Tables and chairs sit deceptively low. Florescent colors line most available surfaces. In the air hangs a sense of mystical wonder imbued by the students who occupy this space. Somewhere, years from now, they’ll begin to lose this innocence, this amazement with the world, but for now they remain completely transfixed by the materials and new knowledge before them. After spending two months at a local high school, I had forgotten much of the charm generated by elementary schools. Here, everything is magic, and the only limitations are the capabilities of one’s hands and imagination.
In high school, students are self-aware. They look at another student’s work and immediately start judging how their work fairs by comparison. There is this sense of self-conscious creation. It’s no longer about making, it’s about making well. They’ve lost the love of process for an obsession with product. Their minds are trained to pursue arbitrary letters in the attempt to feel as though they’ve accomplished something significant. In a way, we’ve ruined them.
As terrified as I’ve been about my elementary placement, I’ve been incredibly refreshed this past week with the enthusiasm and pure creative joy these students exuberate, especially the younger ones. Having been in college for the past eight years, it was a little difficult at first learning how to simply talk to my kids, but after a few warm up days, I easily started falling back into the swing of it. These kids LOVE talking. They want to tell you about their day, their thoughts, adventures, about their art. Literally anything; they want to share it and they are extremely excited about it. I love that, I love everything about that. Being around these kids reminds me to be a little fearless sometimes. Go big or go home. Say something ridiculous, compliment everyone on silly things. Don’t let fear of expectations, judgement, or “not being good enough” hold you back. Be a little kid at heart… follow your passion relentlessly and with total enthusiasm and faith in your capacity to just do. Sometimes just the act of doing can be enough.
Don’t get me wrong, I miss my high school kids… so much. Much more than I thought I would. They made some pretty silly mistakes, but they do have the ability to reason, to create complex thoughts and solutions. My kindergarteners barely know how to trace… and don’t even get me started on scissors. As cute and inspiring as they are to work with, they literally know next to nothing and can be incredibly challenging to guide and instruct. Despite my fondness for the younglings, I do believe my vision for my classroom still best aligns with high schoolers.
Not to write a thesis on the matter, I’ll try to keep this short, but attitudes aside, one of the most significant differences from my high school to elementary placement is the inclusion of significantly special needs students. We had next to no special populations at FSUS, most accommodations just required extra time on tests or simplified instruction. Coming here, I had to take a step back and remember how severely young children can experience developmental and behavioral issues. At this point in their lives, they have little to no self-control and their brains have not begun to develop enough to really start implementing significant coping mechanisms for their disabilities. For this reason, our more severe special needs kids require the facilitation of an aide, to both assist them and hold them back as needed. Having grown up in a special needs home, this kind of hit me in an uncomfortable way. It reminded me a lot of difficult experiences I’ve had as a kid.. and I’ve had to find ways to push past that in engaging with my special pops students. They’re all incredibly sweet, and often frustrated or distracted, but they enjoy engaging with the art materials, regardless of whether or not they understand or follow the assignments and prompts. They love making and they love exploring what different things can do, how they feel, how they change. It’s a start, and that’s enough.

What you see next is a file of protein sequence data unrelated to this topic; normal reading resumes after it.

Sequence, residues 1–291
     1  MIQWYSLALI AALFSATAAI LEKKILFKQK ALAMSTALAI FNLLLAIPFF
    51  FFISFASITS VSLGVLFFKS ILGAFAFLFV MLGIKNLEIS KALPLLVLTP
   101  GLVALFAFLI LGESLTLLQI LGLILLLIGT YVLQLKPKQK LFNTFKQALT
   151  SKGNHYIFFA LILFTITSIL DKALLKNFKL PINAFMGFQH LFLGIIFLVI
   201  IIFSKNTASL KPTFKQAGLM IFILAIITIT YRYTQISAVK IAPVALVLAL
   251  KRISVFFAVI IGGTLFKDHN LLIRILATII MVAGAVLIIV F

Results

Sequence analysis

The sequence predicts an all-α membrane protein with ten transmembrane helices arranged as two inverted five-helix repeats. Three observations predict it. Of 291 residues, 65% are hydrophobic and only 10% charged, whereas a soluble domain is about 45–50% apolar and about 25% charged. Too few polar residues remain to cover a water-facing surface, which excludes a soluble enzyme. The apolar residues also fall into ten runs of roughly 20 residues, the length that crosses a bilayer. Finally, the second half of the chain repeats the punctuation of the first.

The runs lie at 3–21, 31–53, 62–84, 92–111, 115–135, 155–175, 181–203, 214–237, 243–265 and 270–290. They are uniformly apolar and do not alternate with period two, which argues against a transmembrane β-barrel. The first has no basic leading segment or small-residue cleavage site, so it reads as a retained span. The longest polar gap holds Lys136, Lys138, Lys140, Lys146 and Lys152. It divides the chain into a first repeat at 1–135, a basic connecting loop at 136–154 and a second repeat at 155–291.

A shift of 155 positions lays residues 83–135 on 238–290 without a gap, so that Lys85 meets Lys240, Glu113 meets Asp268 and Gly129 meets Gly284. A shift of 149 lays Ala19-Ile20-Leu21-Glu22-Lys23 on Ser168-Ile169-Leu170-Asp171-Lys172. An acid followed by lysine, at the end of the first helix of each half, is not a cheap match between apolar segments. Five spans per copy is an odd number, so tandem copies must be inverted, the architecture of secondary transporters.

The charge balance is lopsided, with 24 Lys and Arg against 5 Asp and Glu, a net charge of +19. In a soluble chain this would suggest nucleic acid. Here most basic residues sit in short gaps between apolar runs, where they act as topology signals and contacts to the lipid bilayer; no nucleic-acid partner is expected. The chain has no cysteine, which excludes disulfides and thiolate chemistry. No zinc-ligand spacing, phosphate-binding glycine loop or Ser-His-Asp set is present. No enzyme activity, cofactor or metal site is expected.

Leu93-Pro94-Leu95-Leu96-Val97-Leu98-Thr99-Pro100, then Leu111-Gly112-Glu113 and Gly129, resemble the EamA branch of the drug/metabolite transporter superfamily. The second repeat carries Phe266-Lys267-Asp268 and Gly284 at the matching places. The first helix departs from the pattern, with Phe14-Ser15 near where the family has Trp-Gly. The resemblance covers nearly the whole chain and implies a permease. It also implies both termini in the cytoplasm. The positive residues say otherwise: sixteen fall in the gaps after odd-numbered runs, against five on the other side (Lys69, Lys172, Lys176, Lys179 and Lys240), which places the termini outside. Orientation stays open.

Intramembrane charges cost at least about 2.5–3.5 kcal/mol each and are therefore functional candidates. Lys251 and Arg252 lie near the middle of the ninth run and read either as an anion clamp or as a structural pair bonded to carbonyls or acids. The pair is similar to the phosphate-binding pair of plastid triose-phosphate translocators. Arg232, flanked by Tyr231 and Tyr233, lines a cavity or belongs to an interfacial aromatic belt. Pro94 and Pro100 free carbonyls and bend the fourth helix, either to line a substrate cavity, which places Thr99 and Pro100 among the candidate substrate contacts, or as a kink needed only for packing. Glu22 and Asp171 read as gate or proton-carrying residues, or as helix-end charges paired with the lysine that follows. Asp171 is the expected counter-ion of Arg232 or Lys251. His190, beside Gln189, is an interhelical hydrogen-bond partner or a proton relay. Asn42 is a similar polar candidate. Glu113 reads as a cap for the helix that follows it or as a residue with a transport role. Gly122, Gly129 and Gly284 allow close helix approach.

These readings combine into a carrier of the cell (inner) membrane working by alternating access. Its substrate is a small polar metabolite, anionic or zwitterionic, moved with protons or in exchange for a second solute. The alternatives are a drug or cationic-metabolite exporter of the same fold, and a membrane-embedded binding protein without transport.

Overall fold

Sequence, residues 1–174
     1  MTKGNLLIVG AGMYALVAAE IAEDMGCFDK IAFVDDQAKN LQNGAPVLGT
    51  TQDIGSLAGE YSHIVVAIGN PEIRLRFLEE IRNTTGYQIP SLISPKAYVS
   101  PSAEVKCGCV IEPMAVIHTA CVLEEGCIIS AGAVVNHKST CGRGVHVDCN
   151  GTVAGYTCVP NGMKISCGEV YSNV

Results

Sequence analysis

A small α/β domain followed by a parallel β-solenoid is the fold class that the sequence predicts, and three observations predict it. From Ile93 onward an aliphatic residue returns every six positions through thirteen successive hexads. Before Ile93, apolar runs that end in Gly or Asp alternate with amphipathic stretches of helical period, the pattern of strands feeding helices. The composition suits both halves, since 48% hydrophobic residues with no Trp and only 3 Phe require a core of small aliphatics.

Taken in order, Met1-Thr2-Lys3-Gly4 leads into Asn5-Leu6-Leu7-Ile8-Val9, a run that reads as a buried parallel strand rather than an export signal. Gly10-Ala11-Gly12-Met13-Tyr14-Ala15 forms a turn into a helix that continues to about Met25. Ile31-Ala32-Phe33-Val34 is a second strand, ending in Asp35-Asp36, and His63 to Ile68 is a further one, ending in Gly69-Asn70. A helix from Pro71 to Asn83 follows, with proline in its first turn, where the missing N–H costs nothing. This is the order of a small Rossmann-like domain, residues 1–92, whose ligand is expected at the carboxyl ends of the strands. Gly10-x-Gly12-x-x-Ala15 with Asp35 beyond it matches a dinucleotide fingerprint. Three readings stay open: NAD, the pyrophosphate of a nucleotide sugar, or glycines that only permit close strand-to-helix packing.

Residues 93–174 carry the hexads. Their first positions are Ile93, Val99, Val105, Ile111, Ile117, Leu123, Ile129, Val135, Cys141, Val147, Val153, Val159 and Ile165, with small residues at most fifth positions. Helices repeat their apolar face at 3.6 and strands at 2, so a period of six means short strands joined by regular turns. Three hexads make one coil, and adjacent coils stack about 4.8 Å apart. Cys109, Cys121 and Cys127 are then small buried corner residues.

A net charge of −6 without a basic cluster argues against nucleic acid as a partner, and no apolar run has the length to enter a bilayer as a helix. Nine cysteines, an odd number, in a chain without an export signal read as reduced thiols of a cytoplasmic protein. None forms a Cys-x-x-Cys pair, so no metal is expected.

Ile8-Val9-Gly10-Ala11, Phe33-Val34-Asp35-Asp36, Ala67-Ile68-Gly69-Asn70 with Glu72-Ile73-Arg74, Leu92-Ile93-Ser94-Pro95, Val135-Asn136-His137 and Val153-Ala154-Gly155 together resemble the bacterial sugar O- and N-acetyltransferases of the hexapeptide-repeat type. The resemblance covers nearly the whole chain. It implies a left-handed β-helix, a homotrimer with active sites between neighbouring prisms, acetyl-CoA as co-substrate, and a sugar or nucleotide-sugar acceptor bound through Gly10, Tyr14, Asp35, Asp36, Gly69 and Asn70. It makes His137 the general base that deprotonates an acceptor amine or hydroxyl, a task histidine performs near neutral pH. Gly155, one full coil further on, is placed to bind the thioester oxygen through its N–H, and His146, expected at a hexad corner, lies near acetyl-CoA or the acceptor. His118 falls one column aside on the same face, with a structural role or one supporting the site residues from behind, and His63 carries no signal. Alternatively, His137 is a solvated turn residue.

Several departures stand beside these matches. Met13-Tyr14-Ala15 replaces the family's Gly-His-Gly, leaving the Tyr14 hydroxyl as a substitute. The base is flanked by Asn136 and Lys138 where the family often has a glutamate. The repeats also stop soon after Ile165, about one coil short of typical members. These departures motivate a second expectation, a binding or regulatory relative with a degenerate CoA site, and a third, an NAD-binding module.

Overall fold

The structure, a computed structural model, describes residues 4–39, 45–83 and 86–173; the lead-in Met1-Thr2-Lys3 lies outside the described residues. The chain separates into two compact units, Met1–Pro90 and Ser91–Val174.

I’m looking forward to seeing what all I can learn in my short 7 weeks left. The beginning of this week, amidst an anxious mess as I adjusted to the culture shock between high school and elementary, seemed to stretch on for an eternity… but now it feels like the week has flown by. The end of my placement here will come much faster than I’d like , and I know I’m going to miss these kids just as much as my high schoolers. They’re not better or worse… just different, and incredible in their own ways for those differences.